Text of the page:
Impact of prison rehabilitation programmes on self sustainability of ex-convicts: a case of Thika sub-county, Kenya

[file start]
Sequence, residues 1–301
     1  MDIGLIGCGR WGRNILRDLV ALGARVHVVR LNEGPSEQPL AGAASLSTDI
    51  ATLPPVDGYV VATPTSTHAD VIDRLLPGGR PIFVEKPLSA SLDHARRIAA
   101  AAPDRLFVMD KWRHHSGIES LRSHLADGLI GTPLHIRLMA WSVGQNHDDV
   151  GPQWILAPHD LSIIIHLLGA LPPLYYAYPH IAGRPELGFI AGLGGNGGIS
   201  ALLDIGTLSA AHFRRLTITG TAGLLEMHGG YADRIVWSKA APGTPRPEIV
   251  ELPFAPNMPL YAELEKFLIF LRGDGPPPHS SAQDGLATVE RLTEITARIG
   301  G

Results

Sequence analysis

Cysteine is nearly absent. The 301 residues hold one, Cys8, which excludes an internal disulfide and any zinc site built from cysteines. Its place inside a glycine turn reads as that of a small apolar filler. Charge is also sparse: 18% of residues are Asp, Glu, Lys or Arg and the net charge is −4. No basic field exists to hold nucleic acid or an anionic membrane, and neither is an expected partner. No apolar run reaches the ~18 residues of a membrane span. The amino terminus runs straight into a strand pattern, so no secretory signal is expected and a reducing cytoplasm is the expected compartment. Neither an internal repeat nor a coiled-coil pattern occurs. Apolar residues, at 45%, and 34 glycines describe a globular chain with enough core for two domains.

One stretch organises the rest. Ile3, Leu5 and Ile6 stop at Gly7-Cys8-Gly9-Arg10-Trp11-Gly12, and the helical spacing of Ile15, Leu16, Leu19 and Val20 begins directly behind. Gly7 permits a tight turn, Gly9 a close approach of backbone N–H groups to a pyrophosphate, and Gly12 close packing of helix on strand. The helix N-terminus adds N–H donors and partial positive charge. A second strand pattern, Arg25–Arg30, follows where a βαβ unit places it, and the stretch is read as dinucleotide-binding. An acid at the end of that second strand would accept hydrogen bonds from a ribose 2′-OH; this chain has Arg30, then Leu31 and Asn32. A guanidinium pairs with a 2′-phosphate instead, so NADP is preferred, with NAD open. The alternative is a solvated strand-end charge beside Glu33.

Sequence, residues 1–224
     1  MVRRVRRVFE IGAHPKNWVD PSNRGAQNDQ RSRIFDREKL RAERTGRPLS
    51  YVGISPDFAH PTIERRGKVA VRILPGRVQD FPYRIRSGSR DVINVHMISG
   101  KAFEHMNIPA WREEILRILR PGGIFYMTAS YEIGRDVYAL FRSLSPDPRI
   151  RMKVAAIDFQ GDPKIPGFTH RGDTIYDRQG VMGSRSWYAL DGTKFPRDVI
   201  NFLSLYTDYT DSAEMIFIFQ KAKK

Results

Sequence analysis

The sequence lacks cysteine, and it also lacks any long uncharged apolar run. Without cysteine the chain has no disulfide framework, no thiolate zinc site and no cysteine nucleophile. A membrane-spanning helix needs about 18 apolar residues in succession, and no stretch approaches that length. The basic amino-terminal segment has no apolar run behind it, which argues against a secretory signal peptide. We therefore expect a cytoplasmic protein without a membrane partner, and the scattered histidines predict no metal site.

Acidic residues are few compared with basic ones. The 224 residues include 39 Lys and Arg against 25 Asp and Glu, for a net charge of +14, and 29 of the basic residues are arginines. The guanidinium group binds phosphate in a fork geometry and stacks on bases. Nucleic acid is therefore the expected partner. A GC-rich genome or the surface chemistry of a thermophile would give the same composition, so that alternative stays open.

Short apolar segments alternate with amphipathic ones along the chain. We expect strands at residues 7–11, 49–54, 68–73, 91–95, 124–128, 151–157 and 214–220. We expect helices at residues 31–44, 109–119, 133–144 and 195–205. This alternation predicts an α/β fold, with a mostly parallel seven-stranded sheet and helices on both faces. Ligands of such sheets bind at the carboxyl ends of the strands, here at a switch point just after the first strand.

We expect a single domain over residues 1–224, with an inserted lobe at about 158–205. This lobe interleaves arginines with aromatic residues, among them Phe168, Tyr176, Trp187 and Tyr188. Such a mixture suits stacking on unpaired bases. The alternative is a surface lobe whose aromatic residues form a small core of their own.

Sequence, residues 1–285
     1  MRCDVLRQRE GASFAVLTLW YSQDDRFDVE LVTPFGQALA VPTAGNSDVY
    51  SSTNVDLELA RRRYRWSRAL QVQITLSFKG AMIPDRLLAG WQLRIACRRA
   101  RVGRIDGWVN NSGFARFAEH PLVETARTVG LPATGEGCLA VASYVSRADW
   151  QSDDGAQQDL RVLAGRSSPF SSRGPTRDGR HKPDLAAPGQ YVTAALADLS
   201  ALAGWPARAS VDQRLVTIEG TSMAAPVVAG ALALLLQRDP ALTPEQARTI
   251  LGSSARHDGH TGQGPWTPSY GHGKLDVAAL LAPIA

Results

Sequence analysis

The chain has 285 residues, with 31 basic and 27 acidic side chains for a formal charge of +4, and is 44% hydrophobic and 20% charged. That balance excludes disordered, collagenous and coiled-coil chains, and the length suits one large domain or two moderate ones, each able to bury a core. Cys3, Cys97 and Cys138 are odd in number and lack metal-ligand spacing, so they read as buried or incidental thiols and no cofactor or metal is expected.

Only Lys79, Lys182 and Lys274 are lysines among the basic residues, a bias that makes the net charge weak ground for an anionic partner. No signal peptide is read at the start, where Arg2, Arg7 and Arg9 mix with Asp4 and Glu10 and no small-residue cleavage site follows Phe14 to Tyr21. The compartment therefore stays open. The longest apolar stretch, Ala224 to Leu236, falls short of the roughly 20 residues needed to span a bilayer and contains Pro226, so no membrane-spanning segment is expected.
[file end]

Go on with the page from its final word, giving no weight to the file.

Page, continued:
Kenya prison service main objective is to rehabilitate offenders who have been sentenced to serve various lengths of sentences in the penal institutions. In order to achieve this objective, they engage the inmates in various rehabilitation programmes aimed at equipping them with adequate skills to become self reliant, useful to the community and avoid re offending once through with their jail terms. The purpose of this study was to explore the impact these rehabilitation programmes have on the inmates self sustainability once they exit these prison facilities. The study was carried out in Thika sub-county in Kiambu County. The study had five objectives which include: to investigate the extent to which formal education programmes offered in Prison impact on the self sustainability of the ex-convicts, to assess how vocational training offered in Prison impact on self sustainability of the ex-convicts, to explore the extent to which the attitude of the prison inmates towards the programmes offered in prison impact on the self sustainability of the ex-convicts, to assess how the prison environment impacts on the self sustainability of the ex-convicts and establish the extent to which the aftercare support impacts on the self sustainability of the prison ex-convicts. In order to understand the prison rehabilitation process and programmes offered to the inmates, the study looked into literature related to the same and looked at studies carried out at global level, Africa and Kenyan situation and analyzed critiqued the same in search of insight for full understanding of the topic. The conceptual framework had taken into account the five independent variables and explained how they relate with the dependent variable. The study was targeting 320 ex convicts from which it drew a sample of 175 of both gender using simple random sampling. Descriptive Survey design was used for the study and data collection instrument used was questionnaire which was administered by research assistants who helped the respondents fill the same. The data was analyzed with the help of statistical package for social sciences (SPSS) version 21.0 and presented using, frequencies and percentages. The study found out that, 73.6% of the prison ex-convicts had undertaken vocational education programme in prison. In addition, 76.6% of them felt that formal education had no impact on their self-sustainability. A small percent of the 15.7% of the ex-convicts felt that vocational training had an impact on their self-sustainability. The study found out that 98.6% of the ex-convicts had received life skill training. Though the skills could be useful to the inmates, 85.6% of the ex-convicts felt the training had no impact on self-sustenance in their current situation. The study established that 78.4% of the ex-convicts had no freedom to choose a course of their own. The study revealed that, 79.5% of the respondents rated the prison conditions as poor and only 12.5% saw the conditions as good. It also established that 73% of the ex-convicts who are self-employed felt that their jobs where not a result of the training they underwent in prison. However, 52.3% of those ex-convicts who were in formal employment attribute their employment as a result of the training they undertook in prison. The study also found that 92.6% of the ex-convict had not received any kind of assistance since release from prison. All the ex-convicts cited lack of capital and lack of tools and materials as the biggest challenges facing them. The study recommended that the government should improve on the rehabilitation programmes offered and come up with modern, relevant, need based and market oriented courses, provide tools and startup capital to enable the ex-convicts carry out their trade after release from prison. In addition, it recommends that ex-convicts should be allowed to select courses of their choice which are within their ability.